Digital assets are an unregulated market. Defi allows investors to be exposed to the gains or losses of an asset without actually owning the asset.

            • +1 vote

              @rektrading: And it's up to you to prove that selling and rebuying your crypto holdings aren't doing the italic bit above.

              Don't forget, the burden of proof is on the taxpayer in these cases. The ATO gets to say "That's a wash sale" and it's a wash sale right up until the point you prove that it isn't. That's how the ATO and Part IVA work.

              Good luck, brave people that follow forum advice!

            •  

              @rektrading:

              within a short period of time of each other

              Define the time period and buy back in after that.

              •  

                @Bystander: That's America. I don't think Australia has a time limit for what is to be considered a wash sale.

                It's pretty hard to legally get around Australia's well worded tax rulings :)

                •  

                  @idjces: Nah.
                  There's plenty of traders who move in and out of the same equities frequently. There has to be some legal boundaries set to provide clarity as to exactly what constitutes a wash sale.

              •  

                @Bystander:

                Define the time period and buy back in after that.

                There is no exact definition, but common sense can be used, based on the examples in the tax ruling.

                For example:

                An investor has suffered a 35% loss on his holding of 0.50 Bitcoin.

                Situation 1:
                The investor sells 0.50 Bitcoin & then after a few hours buys it back again, at almost the same price. This is clearly a wash sale.

                Situation 2:
                The investor sees the Bitcoin price graph starting to move downwards again. The investor sells all the 0.50 Bitcoin (because he fears that it will a lot more). After 4 days, he sees that the downward price movement has stopped, or reversed and he buys the 0.50 Bitcoin back again (because he is feeling reassured), and at a reasonably different price from one at which he sold. This clearly isn't a wash sale.

                •  

                  @vikvance: How about situation 3?
                  The investor sells 0.50 Bitcoin at a 35% loss and then waits 2 months and buys it back again for the same price?

                  Yes, the investor takes on the risk of price movements in the time that they are out of the market but at the same time I would think that this is arguably not a wash sale.

                  • +1 vote

                    @Bystander: There is no predetermined time frame. The wording is essentially "purpose to obtain a tax benefit in the form of a capital loss".

                    It's up to you to prove the tax benefit wasn't the purpose behind your actions

                    •  

                      @idjces: The ATO wouldn't have a snowflakes chance of successfully prosecuting someone in a situation 3 context.

                      It's up to you to prove the tax benefit wasn't the purpose behind your actions

                      That sounds like guilty until proven innocent. Again, very easy to avoid prosecution here.

                      • +1 vote

                        @Bystander: Yes, "guilty until proven innocent" (if you want to word it that way) is exactly how it works - the burden of proof is with the taxpayer.

                        https://www.mondaq.com/australia/income-tax/237462/tax-asses...

                        •  

                          @CrowReally: I'm sticking with "plausible deniability".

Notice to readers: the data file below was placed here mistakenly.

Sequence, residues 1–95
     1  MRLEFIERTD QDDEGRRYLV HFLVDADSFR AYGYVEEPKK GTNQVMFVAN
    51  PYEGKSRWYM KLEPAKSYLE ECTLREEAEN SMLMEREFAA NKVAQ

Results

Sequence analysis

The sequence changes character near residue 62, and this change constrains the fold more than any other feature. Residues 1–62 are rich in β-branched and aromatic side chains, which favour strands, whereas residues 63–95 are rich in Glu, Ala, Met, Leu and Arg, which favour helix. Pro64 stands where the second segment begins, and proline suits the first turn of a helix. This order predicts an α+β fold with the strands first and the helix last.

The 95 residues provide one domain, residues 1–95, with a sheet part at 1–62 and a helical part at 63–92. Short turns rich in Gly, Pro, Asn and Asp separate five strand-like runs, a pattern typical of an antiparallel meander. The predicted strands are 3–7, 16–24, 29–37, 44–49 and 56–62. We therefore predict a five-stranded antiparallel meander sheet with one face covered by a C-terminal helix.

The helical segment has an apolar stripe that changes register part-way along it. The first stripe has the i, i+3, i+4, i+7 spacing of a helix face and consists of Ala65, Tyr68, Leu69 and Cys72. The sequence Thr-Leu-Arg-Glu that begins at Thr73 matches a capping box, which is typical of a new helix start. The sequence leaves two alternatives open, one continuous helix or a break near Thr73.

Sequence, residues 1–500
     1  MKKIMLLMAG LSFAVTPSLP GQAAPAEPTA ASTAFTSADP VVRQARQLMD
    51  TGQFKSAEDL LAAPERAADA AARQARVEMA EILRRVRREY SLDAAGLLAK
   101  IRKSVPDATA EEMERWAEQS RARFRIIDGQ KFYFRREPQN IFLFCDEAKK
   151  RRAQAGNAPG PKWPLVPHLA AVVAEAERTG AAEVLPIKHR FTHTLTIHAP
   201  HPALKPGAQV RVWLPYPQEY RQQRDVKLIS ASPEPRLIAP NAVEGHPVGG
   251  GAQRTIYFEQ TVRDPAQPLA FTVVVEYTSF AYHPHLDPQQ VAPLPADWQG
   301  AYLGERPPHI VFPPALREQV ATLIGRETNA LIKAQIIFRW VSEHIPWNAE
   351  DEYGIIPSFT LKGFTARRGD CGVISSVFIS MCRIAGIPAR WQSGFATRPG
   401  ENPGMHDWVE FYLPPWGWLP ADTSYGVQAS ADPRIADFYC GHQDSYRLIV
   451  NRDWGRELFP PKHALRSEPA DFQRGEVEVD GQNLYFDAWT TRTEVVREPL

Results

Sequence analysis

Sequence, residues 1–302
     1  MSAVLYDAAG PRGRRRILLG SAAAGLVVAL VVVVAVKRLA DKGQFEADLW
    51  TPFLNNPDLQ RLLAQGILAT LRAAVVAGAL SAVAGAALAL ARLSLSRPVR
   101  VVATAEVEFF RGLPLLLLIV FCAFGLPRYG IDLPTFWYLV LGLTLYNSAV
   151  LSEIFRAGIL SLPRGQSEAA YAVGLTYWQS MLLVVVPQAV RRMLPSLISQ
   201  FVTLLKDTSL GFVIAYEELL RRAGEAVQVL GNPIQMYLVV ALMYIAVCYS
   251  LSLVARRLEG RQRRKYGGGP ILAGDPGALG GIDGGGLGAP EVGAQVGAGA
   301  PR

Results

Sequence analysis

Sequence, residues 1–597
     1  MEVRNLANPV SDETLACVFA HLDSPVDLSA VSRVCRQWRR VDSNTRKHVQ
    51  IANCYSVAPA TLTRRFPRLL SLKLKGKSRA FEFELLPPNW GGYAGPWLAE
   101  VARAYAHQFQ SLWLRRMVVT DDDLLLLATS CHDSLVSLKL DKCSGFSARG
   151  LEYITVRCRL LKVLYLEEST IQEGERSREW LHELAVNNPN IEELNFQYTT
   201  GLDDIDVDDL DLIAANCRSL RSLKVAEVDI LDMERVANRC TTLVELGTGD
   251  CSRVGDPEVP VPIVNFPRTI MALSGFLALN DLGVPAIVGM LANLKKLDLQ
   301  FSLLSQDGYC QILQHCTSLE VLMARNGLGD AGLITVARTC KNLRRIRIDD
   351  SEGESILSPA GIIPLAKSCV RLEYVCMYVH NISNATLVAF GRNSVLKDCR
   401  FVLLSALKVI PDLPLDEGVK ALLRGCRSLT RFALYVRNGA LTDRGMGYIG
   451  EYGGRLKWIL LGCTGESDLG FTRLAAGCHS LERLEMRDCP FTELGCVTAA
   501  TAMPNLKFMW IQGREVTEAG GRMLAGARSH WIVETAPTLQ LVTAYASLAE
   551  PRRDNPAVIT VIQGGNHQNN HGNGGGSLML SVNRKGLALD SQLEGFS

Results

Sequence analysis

•  

                            @Bystander: You can phrase it however you like. But per the link I just posted, once the ATO has deemed something to have happened ("Here's your amended assessment, we've decided a wash sale happened and your actual income is $X"), they've done their part. There's no "avoiding prosecution" aspect to it. You now have a new tax assessment to pay.

                            You can't argue they calculated it wrong, or ask how they calculated it, or get them to prove a wash sale happened - the position is now: it's happened, and the only way you're going to overturn that new assessment is if you prove that it wasn't a wash sale.

  • +2 votes

    At the risk of sounding subversive, how about just paying what you owe in recognition of the windfall you made? After the 50 per cent discount and other breaks, you still get a good deal.

  •  

    then theres this…
    https://www.theage.com.au/money/investing/stiff-ato-penaltie...

    Those who hold cryptocurrencies, such as bitcoin, as an investment are likely to receive a “please explain” from the Australian Taxation Office if they fail to declare when they are sold at a profit.

    While the ATO’s treatment of virtual currencies is evolving as transactions become more common, it has made it clear that crypto investment profits are liable for Capital Gains Tax and failure to declare them in annual tax returns could result in stiff financial penalties.

    The ATO has already contacted more than 100,000 taxpayers who have traded cryptocurrency over the past three years, reminding them of their tax obligations and to ensure that any capital gains from trading are included in their 2020-21 tax returns.
    With cryptocurrency prices rocketing and sharemarkets experiencing a major bounce in the past financial year, Adrian Raftery, founder of Mr Taxman, says many taxpayers will have big capital gains to declare in their returns this year.

    Bitcoin, the leading cryptocurrency, was worth about $14,000 at the start of the 2020-21 financial year and is now changing hands for about $49,000.

    •  

      Glad I didn't sell in the last FY because it's going to the moon long term… Right?

      •  

        Moon? na, its Mars now :D

  • +1 vote

    Wash trading isn't unlawful in unregulated markets. People that have five, six or even seven-figure gains may want to take advantage of this to reduce their tax liability.

  •  

    Work expenses, income protection insurance, accountants fee to manage tax…

  •  

    More super contributions if you haven't hit at least the $50k pp you can use with carry forwards from the last tax year.

  •  

    do have any a company structure ABN by any chance? if yes, buy a car and do 100% instant offset on depreciation. would save you around 15k in tax..

    Not for people on TFN

    •  

      Spend $50k to save $15k. Only works if you actually need or want to buy a car.